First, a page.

BY TIM PROBERT
In recent weeks the respective chief executives of E.ON and RWE, Wolf Bernotat and Juergen Grossmann, have warned that Europe’s biggest economy faces growing blackouts unless Germany permits the building of new nuclear power stations. Grossman said that blackouts could occur as early as this summer because of problems with wind power and other sources.
Such language seems a touch disingenuous and is certainly somewhat opportunistic, but the real issue here is Berlin’s decision to stick to the deal made by the Schroeder government in 2000 to phase-out Germany’s existing nuclear plants. Ultimately the agreement will mean that Germany’s 17 operating nuclear power stations, which account for a collective capacity of 21 GW, or 27.5 per cent of total electricity supply, will close by 2021.
Chancellor Merkel actually supports the nuclear industry and its desire to extend the operation of incumbent nuclear power stations to at least 40 years, but her hands have been tied. During the 2005 elections, Ms Merkel’s Christian Democrats pledged to reverse the nuclear phase-out, but failure to gain an outright majority meant that the party was forced to form the so-called ‘Grand Coalition’ with the anti-nuclear Social Democratic Party.
All of Germany’s nuclear power plants are planned, at present, to be be phased out by 2021
Source: Nuclear Energy Agency
The 2000 phase-out agreement put a cap of 2.6 TWh on the lifetime of the then 19 reactors, equivalent to an average operational lifetime of 32 years. Two small and less viable reactors à‚— Stade and Obrigheim – were shut down in 2003 and 2005 respectively. However, before the next federal elections in autumn 2009, four large, efficient and profitable reactors with a collective 4 GW capacity – Biblis A, Biblis B, Bràƒ¼nsbuttel and Neckarwestheim 1 – are due to use up their remaining generation allowances.
At this point it needs to be mentioned that since the nuclear phase-out policy has been implemented, Germany has become a world leader in renewable energy. The introduction of feed-in tariffs and other incentives (particularly in less affluent parts of Eastern Germany) has seen the country install more than a staggering 22 GW in wind power, around a quarter of global capacity. Solar power has also been a tremendous success in Germany, not sun-drenched by any means, but has still managed to install close to 3 GW of generating capacity and this is growing at a rate of knots.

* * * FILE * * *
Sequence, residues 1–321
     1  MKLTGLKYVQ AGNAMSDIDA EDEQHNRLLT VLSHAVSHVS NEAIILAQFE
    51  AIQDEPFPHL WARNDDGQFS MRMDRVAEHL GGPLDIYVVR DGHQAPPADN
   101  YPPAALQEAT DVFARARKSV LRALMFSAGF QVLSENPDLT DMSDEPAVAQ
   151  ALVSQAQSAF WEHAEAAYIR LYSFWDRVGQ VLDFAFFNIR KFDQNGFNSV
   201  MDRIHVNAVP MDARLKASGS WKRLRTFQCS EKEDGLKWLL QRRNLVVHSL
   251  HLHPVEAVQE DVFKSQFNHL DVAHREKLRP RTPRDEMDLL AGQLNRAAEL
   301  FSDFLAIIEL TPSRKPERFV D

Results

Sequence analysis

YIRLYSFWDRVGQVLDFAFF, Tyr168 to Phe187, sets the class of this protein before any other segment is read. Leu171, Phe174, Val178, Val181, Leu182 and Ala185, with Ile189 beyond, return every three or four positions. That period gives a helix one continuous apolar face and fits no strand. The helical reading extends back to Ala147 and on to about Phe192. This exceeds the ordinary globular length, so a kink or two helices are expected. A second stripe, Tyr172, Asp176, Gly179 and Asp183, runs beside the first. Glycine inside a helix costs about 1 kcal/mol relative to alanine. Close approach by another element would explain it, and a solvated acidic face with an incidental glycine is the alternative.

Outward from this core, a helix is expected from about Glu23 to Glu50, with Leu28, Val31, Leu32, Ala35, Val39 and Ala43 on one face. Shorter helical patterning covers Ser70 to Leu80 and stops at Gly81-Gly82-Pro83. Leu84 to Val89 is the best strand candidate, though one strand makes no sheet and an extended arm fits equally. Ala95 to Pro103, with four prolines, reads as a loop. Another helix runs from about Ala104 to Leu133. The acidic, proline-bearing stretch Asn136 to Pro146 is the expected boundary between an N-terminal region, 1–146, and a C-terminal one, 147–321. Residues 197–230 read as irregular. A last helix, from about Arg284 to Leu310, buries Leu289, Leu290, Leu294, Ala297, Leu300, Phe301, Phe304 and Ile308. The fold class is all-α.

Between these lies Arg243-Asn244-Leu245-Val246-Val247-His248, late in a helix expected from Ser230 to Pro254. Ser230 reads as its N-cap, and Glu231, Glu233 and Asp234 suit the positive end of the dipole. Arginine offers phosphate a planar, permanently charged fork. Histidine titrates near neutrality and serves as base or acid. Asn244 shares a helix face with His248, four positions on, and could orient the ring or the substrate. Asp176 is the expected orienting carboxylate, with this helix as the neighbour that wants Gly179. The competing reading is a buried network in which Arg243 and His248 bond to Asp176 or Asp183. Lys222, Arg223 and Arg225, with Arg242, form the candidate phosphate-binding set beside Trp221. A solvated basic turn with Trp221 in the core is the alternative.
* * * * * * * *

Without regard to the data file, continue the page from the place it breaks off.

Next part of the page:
However, the Social Democratic Party’s argument in phasing out nuclear energy begins to fall down when it is taken into account that, according to a report by Deutsche Bank, Germany will need 42 GW of new capacity by 2022 if the shutdowns proceed. Attaining this, whilst simultaneously reducing CO2 emissions by 36 per cent by 2020, with plans to build up to 25 coal plants burning mostly brown coal à‚— one of the most polluting fossil fuels known to man à‚— is where the environmental opposition to the phase-out falls flat on its face.
Faced with what they see as an unreasonable imposition, the nuclear utilities concerned have reportedly been taking matters into their own hands. Such tactics to fight the early closures relates to the transfer of generation allowances from RWE’s Màƒ¼lheim-Kàƒ¤rlich, which was decommissioned in 2003, to other reactors and another to reallocate allowances of reactors not scheduled to close until much closer to 2020.
Other tactics include extending maintenance outages of the reactors set to cease operation in 2008 and 2009 so that their generation allowances are not used up until after the election, and hope for the best. Needless to say, these unilateral tactics to fend off the closures have led to legal actions between the utilities and Ms Merkel’s government.
The German green movement à‚— famous for its vehement anti-nuclear stance – holds a great deal of sway, but as more and more of prominent environmentalists, such as co-founder of Greenpeace Dr Patrick Moore, espouse the benefits of nuclear energy, the calls to reverse the phase-out policy will grow to a clamour.